>running systemd (to avoid doing the periodic task twice). For example,
>apt and man-db have both done this.

... which takes away flexibility and standardization from the local
admin, adding more things to think about when developing larger
infrastructures. I am not sure whether I like that.

Greetings
Marc
--
-------------------------------------- !! No courtesy copies, please !! -----
Marc Haber         |   " Questions are the         | Mailadresse im Header
Mannheim, Germany  |     Beginning of Wisdom "     |
Nordisch by Nature | Lt. Worf, TNG "Rightful Heir" | Fon: *49 621 72739834

Reply | Threaded
Open this post in threaded view
|

Re: do packages depend on lexical order or {daily,weekly,monthly} cron jobs?

Ian Jackson-2
Marc Haber writes ("Re: do packages depend on lexical order or {daily,weekly,monthly} cron jobs?"):

> On Mon, 29 Jul 2019 18:42:34 +0100, Simon McVittie <[hidden email]>
> wrote:
> >On Wed, 24 Jul 2019 at 20:14:22 +0200, Marc Haber wrote:
> >> Scripts with such dependencies will probably fail miserably on systems
> >> that are using systemd-cron instead of one of the "classic" cron
> >> packaes
> >
> >I thought so too, but they don't: systemd-cron uses run-parts for
> >cron.{hourly,etc.} too.
>
> ... this imports many disadvantages of the old scheme into the new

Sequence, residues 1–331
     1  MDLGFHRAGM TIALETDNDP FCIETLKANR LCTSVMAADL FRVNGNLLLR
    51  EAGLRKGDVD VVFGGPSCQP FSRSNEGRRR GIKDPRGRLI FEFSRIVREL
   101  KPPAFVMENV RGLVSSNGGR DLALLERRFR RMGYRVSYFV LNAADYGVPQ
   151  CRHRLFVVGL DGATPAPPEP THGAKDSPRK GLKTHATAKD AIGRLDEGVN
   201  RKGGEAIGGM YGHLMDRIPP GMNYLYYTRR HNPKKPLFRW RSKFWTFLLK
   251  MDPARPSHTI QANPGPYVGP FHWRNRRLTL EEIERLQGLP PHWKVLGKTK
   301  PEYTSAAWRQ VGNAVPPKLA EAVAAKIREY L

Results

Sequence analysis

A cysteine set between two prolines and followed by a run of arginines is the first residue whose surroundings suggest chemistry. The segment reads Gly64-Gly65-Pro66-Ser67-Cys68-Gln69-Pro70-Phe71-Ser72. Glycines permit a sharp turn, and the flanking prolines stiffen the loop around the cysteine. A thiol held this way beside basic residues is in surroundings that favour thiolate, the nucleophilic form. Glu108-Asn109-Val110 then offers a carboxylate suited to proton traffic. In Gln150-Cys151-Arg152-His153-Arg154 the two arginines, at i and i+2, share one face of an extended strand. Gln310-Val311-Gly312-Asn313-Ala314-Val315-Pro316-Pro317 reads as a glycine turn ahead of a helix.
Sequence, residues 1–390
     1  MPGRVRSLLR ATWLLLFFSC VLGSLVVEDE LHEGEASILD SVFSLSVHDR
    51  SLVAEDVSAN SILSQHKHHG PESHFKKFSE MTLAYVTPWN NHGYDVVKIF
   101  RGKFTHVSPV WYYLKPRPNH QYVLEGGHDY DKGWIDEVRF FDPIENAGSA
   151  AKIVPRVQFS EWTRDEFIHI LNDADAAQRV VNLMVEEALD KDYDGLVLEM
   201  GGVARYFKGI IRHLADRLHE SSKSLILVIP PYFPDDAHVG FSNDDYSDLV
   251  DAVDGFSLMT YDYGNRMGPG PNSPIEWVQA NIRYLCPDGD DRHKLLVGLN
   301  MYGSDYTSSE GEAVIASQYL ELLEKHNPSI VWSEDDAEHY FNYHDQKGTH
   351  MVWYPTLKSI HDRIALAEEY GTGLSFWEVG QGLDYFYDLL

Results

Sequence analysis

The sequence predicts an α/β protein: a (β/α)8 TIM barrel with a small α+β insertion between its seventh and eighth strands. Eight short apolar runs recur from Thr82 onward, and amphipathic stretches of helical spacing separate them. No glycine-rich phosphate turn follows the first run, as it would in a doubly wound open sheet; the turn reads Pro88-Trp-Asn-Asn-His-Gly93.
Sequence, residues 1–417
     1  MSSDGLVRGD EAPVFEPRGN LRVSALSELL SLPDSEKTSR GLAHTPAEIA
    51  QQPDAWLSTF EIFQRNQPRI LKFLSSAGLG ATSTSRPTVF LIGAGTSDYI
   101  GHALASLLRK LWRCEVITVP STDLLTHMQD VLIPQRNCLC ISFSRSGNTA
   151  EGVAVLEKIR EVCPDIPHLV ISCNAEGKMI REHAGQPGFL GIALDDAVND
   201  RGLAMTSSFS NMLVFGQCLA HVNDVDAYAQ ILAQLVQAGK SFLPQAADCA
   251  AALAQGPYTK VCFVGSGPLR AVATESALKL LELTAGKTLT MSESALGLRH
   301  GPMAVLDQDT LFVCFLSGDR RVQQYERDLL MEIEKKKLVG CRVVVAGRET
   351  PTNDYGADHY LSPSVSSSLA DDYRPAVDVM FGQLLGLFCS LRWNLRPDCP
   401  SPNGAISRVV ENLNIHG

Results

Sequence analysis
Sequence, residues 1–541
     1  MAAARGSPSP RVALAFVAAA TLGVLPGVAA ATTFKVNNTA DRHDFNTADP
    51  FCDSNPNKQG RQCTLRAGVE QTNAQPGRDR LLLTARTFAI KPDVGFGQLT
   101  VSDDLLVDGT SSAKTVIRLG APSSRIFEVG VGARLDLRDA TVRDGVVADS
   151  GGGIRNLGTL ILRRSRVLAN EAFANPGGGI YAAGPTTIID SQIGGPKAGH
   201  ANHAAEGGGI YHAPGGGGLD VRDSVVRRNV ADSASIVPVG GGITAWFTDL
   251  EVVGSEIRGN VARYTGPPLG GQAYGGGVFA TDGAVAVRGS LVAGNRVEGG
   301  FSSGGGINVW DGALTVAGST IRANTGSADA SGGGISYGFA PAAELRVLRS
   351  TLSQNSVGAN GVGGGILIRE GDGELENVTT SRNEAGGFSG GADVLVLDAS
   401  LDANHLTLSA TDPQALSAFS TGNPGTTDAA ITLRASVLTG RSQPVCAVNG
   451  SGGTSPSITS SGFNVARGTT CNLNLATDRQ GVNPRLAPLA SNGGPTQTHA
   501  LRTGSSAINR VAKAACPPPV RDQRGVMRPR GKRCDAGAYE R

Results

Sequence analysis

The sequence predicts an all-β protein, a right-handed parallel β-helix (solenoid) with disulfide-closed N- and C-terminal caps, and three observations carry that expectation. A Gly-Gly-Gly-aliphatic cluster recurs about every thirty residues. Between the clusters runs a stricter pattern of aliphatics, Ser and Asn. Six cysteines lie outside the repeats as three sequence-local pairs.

> world. Philipp has explained in this thread very well.

Right.  That makes sense.

So it seems to me that there are the following options for systemd
users:

A. Continue to use run-parts.

   Disadvantages: Bundles the output together.
   Doesn't provide individual status.

   Advantages: No work needed.

B. Run each script as a single systemd timer unit.

   Disadvantages: Runs scripts in parallel (causing load spikes and
   other undesirable performance effects).  Imposes un-auditable and
   undebuggable new concurrency/ordering requirements on scripts (that
   is, scripts must cope with concurrent running and in any order).
   Ie, effectively, exposes systemd users to new bugs.

   Advantages: Unbundled output and individual status.

C. Provide a feature in systemd to do what is needed.
   Advantages: Everything works properly.
   Disadvantage: Requires writing new code to implement the feature.

D. Provide a version of run-parts which does per-script reporting.
   Advantages: Provides the benefits of (c) to sysvinit/cron users
   too.  Disadvantages: Requires design of a new reporting protocol,
   and implementation of that protocol in run-parts; to gain the
   benefits for systemd users, must be implemented in systemd too.
   (Likewise for cron users.)

I was wrong when earlier I wrote that sysvinit users would suffer any
significant trouble, regardless what option above is picked.  The only
negative impact of (B) on sysvinit users is that maybe the cron
scripts they are running become more complex and fragile, in order to
try to satisfy the new concurrency requirement.

I would be interested in (D) if you thought it would be worthwhile.
Maybe the subunit v1 protocol or something :-).

> Maybe systemd-cron could be extended to be locally configurable
> whether to use run-parts, keeping the old semantics, or to generate